Diana Krall serenades Montreal Jazz Fest

Diana Krall is all smiles as she warms up for her first Montreal Jazz Festival outdoor performance with a dress rehearsal on a sweltering afternoon. (Adrian Brijbassi/Vacay.ca)

Story by Adrian Brijbassi
Vacay.ca Columnist

MONTREAL, QUEBEC — Diana Krall says she doesn’t know where she would be without the Montreal Jazz Festival. It’s a comment that underscores an aspect of this enduring and endearing annual event that can get overlooked amid the dizzying amount of free music, street performers, beer and wine drinking, visitors, and money exchanges that make it one of the most notable events in Canada. For Krall and many other musicians, however, the festival means work, exposure and potentially a career-making experience.

“For so many reasons, it’s the most important jazz festival in the world. If it wasn’t for the Montreal Jazz Festival, I honestly don’t know what I would be doing,” says Krall, who spoke at a press conference on Saturday and then on Sunday night performed her first outdoor show at the festival — one of her very few open-air shows anywhere.

[nggallery id=120]

In 1995, Krall debuted at the jazz festival with a tribute to Nat King Cole. She so impressed the festival-goers that Tony Bennett invited her on stage to play the piano. Her career exploded and now she is the one who lavishes praise on the premier event in a city full of amazing festival after amazing festival.

“You gave me a springboard,” Krall, a British Columbian from Vancouver Island, told festival co-founder and music promoter André Ménard during the conference. “Musicians around the world know what this festival means and how important it is.”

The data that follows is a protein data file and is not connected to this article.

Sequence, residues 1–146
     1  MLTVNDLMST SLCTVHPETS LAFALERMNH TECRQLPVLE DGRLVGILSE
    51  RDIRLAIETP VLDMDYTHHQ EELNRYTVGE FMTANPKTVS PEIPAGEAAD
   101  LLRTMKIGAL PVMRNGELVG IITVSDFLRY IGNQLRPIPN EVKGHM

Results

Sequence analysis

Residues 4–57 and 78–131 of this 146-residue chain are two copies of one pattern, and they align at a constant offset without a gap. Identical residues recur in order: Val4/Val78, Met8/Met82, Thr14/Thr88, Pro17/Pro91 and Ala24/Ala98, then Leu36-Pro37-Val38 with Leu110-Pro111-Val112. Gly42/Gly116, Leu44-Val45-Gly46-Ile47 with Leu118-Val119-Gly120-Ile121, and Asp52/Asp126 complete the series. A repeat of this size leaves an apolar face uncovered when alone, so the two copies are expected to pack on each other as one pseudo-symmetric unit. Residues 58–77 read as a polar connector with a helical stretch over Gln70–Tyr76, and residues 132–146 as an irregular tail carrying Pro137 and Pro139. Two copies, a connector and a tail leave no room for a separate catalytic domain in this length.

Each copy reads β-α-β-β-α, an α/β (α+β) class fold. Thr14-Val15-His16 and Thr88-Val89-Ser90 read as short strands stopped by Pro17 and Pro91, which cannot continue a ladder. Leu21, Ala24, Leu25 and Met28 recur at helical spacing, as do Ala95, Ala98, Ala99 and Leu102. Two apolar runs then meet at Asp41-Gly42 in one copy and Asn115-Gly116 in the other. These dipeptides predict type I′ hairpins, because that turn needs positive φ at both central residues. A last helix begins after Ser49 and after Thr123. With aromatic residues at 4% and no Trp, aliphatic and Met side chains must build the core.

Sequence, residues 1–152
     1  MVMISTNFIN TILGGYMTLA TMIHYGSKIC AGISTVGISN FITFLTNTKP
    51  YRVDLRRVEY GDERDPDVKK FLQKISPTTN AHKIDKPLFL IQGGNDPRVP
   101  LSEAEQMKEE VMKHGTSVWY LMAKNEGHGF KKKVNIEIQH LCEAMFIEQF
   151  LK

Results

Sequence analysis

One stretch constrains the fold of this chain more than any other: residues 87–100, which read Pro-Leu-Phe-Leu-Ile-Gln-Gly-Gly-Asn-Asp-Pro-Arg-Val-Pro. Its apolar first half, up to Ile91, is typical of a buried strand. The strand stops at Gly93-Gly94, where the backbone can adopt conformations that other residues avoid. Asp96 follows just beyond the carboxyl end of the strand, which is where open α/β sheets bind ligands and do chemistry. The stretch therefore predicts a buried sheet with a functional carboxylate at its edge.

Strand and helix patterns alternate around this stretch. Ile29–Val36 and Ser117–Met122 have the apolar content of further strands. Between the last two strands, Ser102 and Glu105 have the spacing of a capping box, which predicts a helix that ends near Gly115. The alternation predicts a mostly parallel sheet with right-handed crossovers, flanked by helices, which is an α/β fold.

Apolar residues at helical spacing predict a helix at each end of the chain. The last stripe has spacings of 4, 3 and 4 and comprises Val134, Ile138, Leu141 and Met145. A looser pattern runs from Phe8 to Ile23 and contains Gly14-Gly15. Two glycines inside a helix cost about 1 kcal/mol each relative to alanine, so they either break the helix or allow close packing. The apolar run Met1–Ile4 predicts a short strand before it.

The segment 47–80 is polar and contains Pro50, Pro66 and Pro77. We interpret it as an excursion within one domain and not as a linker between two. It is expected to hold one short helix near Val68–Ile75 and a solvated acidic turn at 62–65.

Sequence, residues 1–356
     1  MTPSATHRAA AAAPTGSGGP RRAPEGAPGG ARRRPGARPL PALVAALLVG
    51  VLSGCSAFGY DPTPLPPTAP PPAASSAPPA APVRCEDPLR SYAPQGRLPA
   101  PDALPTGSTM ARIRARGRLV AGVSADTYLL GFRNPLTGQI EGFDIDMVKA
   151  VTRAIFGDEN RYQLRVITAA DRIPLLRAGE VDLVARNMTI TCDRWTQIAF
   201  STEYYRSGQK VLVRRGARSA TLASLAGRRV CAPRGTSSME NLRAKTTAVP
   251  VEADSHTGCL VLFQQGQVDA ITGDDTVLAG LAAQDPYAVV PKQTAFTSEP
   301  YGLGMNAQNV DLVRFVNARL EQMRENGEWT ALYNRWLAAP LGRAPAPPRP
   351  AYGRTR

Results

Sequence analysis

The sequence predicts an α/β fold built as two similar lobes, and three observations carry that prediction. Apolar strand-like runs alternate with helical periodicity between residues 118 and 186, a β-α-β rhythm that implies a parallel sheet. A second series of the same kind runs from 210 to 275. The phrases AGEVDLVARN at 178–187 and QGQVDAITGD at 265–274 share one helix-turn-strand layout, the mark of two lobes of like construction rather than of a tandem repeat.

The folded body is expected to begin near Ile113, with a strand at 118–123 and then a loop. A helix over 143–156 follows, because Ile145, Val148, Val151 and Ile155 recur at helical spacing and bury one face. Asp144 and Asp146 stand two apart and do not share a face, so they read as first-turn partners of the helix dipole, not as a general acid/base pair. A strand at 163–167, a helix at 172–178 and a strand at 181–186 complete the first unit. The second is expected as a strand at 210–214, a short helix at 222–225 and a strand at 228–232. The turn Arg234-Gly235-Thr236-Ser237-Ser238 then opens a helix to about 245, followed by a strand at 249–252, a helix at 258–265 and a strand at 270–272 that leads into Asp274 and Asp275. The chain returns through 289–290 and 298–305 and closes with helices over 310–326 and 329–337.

Significant moments in Krall’s career that occurred at previous editions of the Montreal Jazz Festival include her first solo performances, which took place in 2011. She also had a 10-night run of club performances and played at the cavernous Bell Centre in 2004, a show that was recorded and released as an album.

“For the 35th year, we were wondering what could we do with her that we haven’t done yet,” Ménard told me. “We said, maybe she should headline her own show on the main stage. Normally for the big outdoor shows we look for something that shakes a bit more than the Diana Krall style. But people will listen and she is up to the challenge. I’m quite elated with this actually. We will be transmitting on Sainte-Catherine Street for the first time. I could not have foreseen something like this 10 years ago.”

In some ways the Montreal Jazz Festival embodies the music it celebrates, shifting and improvising and redefining itself, keeping everyone on their toes from year to year. It challenges artists like Krall and surprises audiences. The formula equates to 800 concerts during the 11-day festival that accounts for a whopping $125 million in economic activity for the city.